These days, isn’t it so easy to make friends? All you have to do is click “confirm” or “add,” and you’re done! You now have another friend. Long gone are those awkward “getting to know you” conversations. All you have to do is scroll through their feed, like their photos, post a couple comments, and in no time, you’ll be getting hundreds of friends saying “happy birthday” to you annually.
As blatantly sarcastic as I’m being, if you were to be brutally honest with yourself, I’m sure there’s been a moment when you’ve called a Facebook friend an actual friend when you’ve never actually seen them face to face. Or you at least know someone who has done this.
If you were to be brutally honest with yourself, I’m sure there’s been a moment when you’ve called a Facebook friend an actual friend when you’ve never actually seen them face to face.
Is this what friendship has come to?
As men, why does it seem so hard to make genuine friends? And keep them?
I know we often use busyness as an excuse for not making or cultivating friendships—I’ll be the first one to admit to that—but have you ever considered the consequences of delaying the formation of genuine friendships?
To answer that question, let’s take a look at James 5:13-14. While this passage is often quoted when someone is sick and is needing the healing touch of Jesus, I also believe it has a deep measure of insight into the topic at hand.
Is anyone among you suffering? He should pray. Is anyone cheerful? He should sing praises. Is anyone among you sick? He should call for the elders of the church, and they are to pray over him, anointing him with oil in the name of the Lord. (James 5:13-14 CSB).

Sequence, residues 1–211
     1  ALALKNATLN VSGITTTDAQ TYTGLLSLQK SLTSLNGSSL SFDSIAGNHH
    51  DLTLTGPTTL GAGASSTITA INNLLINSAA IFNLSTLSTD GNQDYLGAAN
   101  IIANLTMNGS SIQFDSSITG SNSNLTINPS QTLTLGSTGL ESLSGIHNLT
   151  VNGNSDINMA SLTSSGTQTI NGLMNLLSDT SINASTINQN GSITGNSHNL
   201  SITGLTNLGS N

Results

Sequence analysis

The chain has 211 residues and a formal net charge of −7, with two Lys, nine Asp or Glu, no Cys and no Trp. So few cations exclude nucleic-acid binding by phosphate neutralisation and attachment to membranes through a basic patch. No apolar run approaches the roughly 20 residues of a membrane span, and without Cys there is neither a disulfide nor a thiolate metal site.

What do you think James is getting at when he’s asking, “Is anyone among you…?” Do you think he’s just asking whether or not you are aware of what’s going on around you? Whether you are connected enough to others to know and notice if anyone among you is suffering?
While I recognize that there are some people—like my wife Christina—who can intuitively sense and feel the emotions of others, I’ve lived long enough to know that this doesn’t come naturally to everyone. I actually need to know that something is going on in someone’s life to be able to do something for them and be a friend to them.
I actually need to know that something is going on in someone’s life to be able to do something for them and be a friend to them.
To know this requires several things: It requires me to lift my head up, get out of my own little world, and take my headphones off. It requires me to begin eating with others, asking questions and listening—both to them and to the promptings of the Holy Spirit to know what to say and what not to say. It requires me to go earlier and stick around longer so that I can have conversations with others beyond whatever meeting I’ve come to. It requires me to budget a little bit more for eating out so that I can go out to lunch with others after church or go out to coffee with my neighbors and coworkers. It requires the use of a slow cooker when I have others over so that I can have more time to listen, talk, and engage with others when they come over. And it also requires me being okay with my home—and not obsessing over how it looks, what type of floor I have, or even how clean it is.
In other words, to know whether something is going on in someone else’s life, I need to first be present and be a friend—something that just doesn’t happen overnight.
So let me ask you a few questions: Is anyone among you suffering? Instead of just telling them to go and pray, what if you were to go and pray with them? Is anyone among you cheerful? Instead of just being happy for them, what would happen if you celebrated with them? And is anyone among you sick? I recognize that things are a bit weird right now with COVID, but what would happen if you were to drop off a meal for them? Visit with them over FaceTime or Zoom? And also, help mobilize the elders of your church and prayer team to pray for them?
In today’s world, where it’s so easy to “use” people and treat them as a means to an end, let’s resolve to be the kind of men who can easily answer the question, “Is anyone among you…?”